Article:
Noah J Nelson on Friday, May. 27th
Not that long ago I accidentally found myself at the Tribeca Film Festival’s Storyscapes event. It was a happy fluke of scheduling: I’d hoped to go for years, but it was never in the cards. Without even realizing it I booked my first real vacation in two years to New York City during the exact dates of the festival, and while there a friend who was working on one of the projects invited me up to see the work and meet the filmmakers behind it.
The work in question is an interactive film piece produced by the National Film Board of Canada called Seances. The core filmmaker in question is arthouse hero Guy Maddin (Brand Upon The Brain, Saddest Music In The World). This being Storyscapes the project wasn’t a straightforward film, but a kind of interactive mad scientist experiment in the art of “lost movies.”
Seances is a film art installation that somewhat randomly generates a new film for each audience that views it. Never to be seen again.
“There’s like 500 billion permutations,” Maddin told me after I’d seen one of those permutations, “or something like that.”
Here’s how the full experience goes.
A small audience enters a micro-theater, where they are confronted with a touch activated video table. They are encouraged to tap away at any images that catch their eye, but not to think too much. This is an exploration of liminality, and the more the audience gives in to unconscious impulses from the start the better prepared for the final result they will be.
After the computer running the table finishes offering up still images the audience is invited to take their seats. That’s when the algorithm that is at play stitches together film clips that the selected images represent. The given material is all silent, colored in various tones, and involve the dramatic conceit of a seance. Hence, the name. While this is an example of procedurally generated storytelling, it is not an entirely random process.
To give the assembled films a sense of flow the creative team focused on hooks that could be used to get from sequence to sequence.
“We call those connectors,” said co-creator Evan Johnson. “At one point we were sitting around and writing only connectors.”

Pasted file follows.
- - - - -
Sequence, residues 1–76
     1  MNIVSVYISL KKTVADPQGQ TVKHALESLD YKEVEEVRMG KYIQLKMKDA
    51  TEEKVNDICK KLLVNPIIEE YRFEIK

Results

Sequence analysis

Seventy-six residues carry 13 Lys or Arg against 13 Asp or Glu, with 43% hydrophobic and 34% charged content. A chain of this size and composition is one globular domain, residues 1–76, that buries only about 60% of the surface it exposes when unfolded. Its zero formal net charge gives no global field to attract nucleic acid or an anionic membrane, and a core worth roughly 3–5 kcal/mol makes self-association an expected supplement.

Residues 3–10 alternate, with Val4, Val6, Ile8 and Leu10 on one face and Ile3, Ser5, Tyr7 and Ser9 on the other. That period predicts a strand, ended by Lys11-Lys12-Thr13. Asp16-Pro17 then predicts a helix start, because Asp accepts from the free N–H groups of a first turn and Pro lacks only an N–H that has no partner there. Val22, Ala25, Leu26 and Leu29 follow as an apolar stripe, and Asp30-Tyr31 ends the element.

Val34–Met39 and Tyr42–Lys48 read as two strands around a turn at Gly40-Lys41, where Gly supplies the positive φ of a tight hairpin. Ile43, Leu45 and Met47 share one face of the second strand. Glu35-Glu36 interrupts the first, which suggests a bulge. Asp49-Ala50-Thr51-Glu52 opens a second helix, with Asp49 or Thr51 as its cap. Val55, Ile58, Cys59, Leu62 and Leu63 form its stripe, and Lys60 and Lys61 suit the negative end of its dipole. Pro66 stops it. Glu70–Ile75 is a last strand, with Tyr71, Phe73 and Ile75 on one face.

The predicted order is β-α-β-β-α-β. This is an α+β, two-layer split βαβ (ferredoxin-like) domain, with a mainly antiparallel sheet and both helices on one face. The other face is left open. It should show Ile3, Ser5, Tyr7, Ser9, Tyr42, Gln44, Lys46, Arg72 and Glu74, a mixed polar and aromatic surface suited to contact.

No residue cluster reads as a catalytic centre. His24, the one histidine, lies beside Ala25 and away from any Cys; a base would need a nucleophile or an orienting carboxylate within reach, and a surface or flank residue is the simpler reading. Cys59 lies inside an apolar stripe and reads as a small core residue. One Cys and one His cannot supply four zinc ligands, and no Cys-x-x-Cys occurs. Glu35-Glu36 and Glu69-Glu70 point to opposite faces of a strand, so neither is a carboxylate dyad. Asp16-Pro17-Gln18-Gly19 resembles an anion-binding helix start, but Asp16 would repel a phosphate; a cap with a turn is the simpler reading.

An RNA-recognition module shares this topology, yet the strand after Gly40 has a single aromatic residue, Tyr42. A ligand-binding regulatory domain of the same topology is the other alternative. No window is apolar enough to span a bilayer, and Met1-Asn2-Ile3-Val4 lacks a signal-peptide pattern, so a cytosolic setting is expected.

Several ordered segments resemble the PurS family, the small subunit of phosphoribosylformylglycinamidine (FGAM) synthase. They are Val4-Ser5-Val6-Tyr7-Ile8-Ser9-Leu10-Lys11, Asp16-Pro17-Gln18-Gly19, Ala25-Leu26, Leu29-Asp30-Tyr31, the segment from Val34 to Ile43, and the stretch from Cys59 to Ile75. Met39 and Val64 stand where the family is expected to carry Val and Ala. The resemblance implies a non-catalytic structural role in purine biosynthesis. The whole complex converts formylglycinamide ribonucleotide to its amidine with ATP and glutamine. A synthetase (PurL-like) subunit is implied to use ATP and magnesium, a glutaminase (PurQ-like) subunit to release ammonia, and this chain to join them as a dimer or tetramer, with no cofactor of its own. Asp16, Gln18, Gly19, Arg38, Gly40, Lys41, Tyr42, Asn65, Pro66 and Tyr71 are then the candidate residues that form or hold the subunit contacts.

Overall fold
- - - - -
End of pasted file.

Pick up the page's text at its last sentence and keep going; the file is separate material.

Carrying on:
The logic involved is still one of a dream. Indeed, part of the “game” of Seances is that sequences are able to progress from one dream to the next, with characters falling unconscious in one reality only to have a possibly oddly resonate story emerge in the next layer of reality down.
In this fashion, the experience reminded me of the somewhat obscure 1965 Polish film The Saragossa Manuscript, which had a bit of a renaissance in the 1990s thanks to the interest of Martin Scorsese, Francis Ford Coppola, and The Grateful Dead’s Jerry Garcia.
Dreams and obscure films are at the heart of the project, as Maddin is somewhat obsessed with the idea that there are countless lost films from the silent movie era. The films assembled by the algorithm are intended to serve as riffs on the countless films that were lost to time thanks to poor archiving and neglect.
“I’d been dreaming about it a bit before,” said Maddin. “This idea of making lost film adaptations I started doing as far back as 1994. Secretly. Whenever I got a short film commission from some film festival.”
This drive has culminated in the Seances experience, which is both touring film festivals and has a reflection online in case you want to view one of the possible films yourself. Resurrecting lost films is not the only aim of the project, which challenges viewers with its dreamlike structure to find their own narrative in the assemblage.
“I think it’s natural for viewers to impose a narrative on things,” said Maddin, “but some people do it more comfortably than others.”
It is this aspect of Seances that holds the most fascination for me. No matter how linear and straightforward a given film is, each person experiences that movie with the baggage of their personal experiences with them. This leads to starkly different reactions. You can see that by reading multiple reviews of an Oscar contender, or watching film critics and fans have spectacular flame wars over popular movies.
Seances, with its need for interpretation worn squarely on its sleeve, leans into this phenomenon in a way that is instructive. No two viewings of the project will ever be the same, and within the context of a single screening there is almost no way two viewers will come away with the same interpretation. The project is a fantastic meditation on the art of editing and the gap between authorial intent and audience perception. Two things that are valuable to consider in the chaotic media age we find ourselves in.